Nutrition, Feeds, and Feeding
Nutrient requirements and feeding characteristics of channel catfish have been extensively researched. This research has provided the basis for the formulation of efficient, economical diets and for the development of feeding strategies - both of which have been instrumental in the success of the catfish industry.
Catfish farmers are able to feed a nutritionally complete diet that provides required levels of nutrients and energy in a readily digestible form. It is essential to provide a complete diet because natural food organisms only supply a small portion of the overall nutritional needs of catfish in intensively stocked ponds except during the early life stage. Forty nutrients have been identified as necessary for the normal growth and metabolic functions of channel catfish.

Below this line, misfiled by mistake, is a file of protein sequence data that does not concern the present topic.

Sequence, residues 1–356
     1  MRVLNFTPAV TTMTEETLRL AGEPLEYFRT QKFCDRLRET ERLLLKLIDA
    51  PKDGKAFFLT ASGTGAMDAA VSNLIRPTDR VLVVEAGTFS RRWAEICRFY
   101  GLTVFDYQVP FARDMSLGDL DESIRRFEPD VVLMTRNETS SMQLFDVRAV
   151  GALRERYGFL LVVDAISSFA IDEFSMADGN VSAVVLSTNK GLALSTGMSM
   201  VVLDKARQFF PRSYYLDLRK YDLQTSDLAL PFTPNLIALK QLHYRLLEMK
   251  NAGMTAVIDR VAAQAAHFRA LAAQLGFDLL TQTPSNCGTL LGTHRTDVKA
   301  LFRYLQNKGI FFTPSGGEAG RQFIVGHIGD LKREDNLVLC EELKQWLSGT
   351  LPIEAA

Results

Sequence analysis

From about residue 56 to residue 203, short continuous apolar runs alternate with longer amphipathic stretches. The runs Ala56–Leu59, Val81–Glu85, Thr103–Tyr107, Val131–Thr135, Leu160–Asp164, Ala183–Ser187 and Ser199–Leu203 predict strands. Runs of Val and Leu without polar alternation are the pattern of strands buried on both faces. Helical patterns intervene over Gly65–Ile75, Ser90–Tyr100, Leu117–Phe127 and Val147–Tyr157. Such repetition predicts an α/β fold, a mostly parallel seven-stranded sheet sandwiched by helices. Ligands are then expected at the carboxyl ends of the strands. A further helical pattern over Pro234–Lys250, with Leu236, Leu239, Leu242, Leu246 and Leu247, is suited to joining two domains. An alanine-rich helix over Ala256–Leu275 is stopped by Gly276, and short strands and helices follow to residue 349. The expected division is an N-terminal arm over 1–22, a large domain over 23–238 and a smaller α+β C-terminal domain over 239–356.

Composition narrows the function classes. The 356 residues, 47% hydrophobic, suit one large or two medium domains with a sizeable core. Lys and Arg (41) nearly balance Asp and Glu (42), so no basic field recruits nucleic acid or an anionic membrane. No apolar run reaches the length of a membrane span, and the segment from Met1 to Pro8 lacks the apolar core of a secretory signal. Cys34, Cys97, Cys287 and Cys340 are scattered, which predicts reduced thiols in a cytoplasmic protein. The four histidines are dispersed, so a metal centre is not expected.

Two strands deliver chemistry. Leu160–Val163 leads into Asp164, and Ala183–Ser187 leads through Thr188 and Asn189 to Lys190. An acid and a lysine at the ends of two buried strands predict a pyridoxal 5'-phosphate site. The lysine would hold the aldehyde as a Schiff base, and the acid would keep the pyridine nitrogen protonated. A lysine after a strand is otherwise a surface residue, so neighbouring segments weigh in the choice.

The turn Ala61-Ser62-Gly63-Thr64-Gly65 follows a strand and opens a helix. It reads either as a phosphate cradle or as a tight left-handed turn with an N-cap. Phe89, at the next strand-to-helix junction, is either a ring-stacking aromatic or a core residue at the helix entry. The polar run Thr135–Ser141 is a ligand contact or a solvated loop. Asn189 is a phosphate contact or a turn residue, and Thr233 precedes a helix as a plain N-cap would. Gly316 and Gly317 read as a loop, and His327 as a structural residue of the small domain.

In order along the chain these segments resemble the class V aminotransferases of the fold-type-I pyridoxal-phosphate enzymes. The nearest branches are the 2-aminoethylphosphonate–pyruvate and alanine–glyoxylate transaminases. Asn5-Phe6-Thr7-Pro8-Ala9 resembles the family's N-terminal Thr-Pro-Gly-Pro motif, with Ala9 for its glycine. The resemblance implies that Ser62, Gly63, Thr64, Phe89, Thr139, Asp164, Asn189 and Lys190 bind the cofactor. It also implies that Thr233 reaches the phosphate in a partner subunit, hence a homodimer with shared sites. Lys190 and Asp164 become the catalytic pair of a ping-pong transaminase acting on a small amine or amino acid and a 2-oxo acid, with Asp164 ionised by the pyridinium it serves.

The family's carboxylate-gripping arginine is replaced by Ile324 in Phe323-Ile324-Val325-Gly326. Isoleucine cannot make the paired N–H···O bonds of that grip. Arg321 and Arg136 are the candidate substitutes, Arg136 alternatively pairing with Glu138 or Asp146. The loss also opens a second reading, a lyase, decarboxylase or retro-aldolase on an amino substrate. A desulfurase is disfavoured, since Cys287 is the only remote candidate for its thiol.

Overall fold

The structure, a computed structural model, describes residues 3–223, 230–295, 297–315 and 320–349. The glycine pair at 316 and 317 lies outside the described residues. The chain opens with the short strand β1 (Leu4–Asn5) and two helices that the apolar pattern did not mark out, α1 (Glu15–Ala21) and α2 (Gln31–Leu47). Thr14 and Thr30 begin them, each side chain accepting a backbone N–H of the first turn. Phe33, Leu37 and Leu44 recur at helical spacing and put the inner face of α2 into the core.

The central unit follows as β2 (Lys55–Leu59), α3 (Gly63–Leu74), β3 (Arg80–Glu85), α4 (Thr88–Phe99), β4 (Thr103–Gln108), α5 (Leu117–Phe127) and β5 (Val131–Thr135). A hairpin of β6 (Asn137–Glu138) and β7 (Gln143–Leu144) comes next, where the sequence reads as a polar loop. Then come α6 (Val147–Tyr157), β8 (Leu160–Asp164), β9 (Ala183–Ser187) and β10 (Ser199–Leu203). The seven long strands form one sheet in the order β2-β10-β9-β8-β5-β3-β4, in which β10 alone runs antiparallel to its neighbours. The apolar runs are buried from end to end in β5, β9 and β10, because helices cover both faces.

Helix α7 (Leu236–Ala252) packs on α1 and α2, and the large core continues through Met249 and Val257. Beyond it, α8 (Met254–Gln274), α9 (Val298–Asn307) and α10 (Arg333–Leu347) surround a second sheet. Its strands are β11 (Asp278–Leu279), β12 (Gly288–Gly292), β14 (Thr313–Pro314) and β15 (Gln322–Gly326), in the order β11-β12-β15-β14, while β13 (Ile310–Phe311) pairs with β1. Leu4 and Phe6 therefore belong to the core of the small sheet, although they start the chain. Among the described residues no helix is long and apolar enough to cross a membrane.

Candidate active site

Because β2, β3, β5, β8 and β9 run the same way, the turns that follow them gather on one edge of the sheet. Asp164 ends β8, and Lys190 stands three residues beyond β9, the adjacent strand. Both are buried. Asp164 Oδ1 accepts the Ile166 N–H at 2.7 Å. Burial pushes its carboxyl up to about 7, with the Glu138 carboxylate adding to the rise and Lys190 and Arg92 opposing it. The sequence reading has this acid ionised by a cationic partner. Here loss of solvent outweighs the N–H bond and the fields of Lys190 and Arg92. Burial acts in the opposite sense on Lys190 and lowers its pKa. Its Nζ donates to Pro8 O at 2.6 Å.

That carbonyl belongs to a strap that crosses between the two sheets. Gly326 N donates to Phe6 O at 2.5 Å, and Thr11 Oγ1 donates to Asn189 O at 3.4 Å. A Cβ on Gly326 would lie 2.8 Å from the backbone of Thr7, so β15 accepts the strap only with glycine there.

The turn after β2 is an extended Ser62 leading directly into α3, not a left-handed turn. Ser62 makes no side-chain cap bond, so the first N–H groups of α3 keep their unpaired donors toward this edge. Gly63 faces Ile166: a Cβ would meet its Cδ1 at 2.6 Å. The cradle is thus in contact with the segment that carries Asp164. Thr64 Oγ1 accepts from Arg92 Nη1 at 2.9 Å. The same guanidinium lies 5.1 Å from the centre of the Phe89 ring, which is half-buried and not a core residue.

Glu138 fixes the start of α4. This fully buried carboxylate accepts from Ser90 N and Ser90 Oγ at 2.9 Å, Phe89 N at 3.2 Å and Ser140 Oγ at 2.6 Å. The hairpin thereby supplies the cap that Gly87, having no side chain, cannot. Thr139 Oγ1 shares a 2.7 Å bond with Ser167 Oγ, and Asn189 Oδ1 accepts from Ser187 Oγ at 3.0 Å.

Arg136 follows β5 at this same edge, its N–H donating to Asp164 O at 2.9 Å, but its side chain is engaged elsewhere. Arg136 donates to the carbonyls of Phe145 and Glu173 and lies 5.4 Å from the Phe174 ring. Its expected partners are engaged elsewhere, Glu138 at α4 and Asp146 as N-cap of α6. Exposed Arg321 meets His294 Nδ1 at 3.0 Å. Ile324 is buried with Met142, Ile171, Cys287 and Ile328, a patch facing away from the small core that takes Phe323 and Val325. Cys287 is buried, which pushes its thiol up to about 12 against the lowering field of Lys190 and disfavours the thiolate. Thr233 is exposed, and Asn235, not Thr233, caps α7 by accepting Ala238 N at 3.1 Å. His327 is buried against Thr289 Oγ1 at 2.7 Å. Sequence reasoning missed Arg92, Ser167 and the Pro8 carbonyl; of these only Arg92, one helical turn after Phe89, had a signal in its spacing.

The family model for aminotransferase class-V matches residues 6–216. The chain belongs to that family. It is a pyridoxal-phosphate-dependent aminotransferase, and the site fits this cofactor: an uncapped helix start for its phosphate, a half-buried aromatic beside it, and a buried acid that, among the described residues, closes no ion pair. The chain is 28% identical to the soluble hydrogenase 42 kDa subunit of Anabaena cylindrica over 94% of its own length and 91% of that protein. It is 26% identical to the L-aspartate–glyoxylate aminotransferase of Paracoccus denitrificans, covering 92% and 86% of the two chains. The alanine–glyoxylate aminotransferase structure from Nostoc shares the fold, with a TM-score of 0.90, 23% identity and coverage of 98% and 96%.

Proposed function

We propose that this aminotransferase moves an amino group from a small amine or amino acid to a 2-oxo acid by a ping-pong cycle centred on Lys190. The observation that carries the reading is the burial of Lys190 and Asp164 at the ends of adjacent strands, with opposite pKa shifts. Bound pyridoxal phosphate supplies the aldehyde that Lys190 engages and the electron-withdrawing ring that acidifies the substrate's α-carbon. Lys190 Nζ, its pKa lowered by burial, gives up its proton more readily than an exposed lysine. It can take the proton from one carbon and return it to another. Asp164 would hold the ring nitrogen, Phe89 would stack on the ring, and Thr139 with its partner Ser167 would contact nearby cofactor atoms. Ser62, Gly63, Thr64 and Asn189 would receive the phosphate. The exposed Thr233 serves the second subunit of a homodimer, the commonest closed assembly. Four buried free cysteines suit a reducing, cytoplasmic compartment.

Protein is the most expensive nutrient of catfish feeds, so considerable work has been conducted over the last 20 years concerning the level of dietary protein and essential amino acids needed for cost-effective production of catfish. Data from these studies indicate that the dietary protein requirement for various life stages of catfish ranges from about 25 to 50 percent. Pond studies have shown that a protein level of 28 percent is adequate for food fish grow out when fish are fed to satiation daily.
Based on current knowledge, a digestible energy to digestible protein (DE/DP) ratio of 10-11 kcal/gram is optimal for growth of catfish raised from advanced fingerlings to market size. Ratios above this range may lead to increased fat deposition and reduced processed yield, and if the ratio is too low, that means some of the more expensive protein is used for energy which is not economical.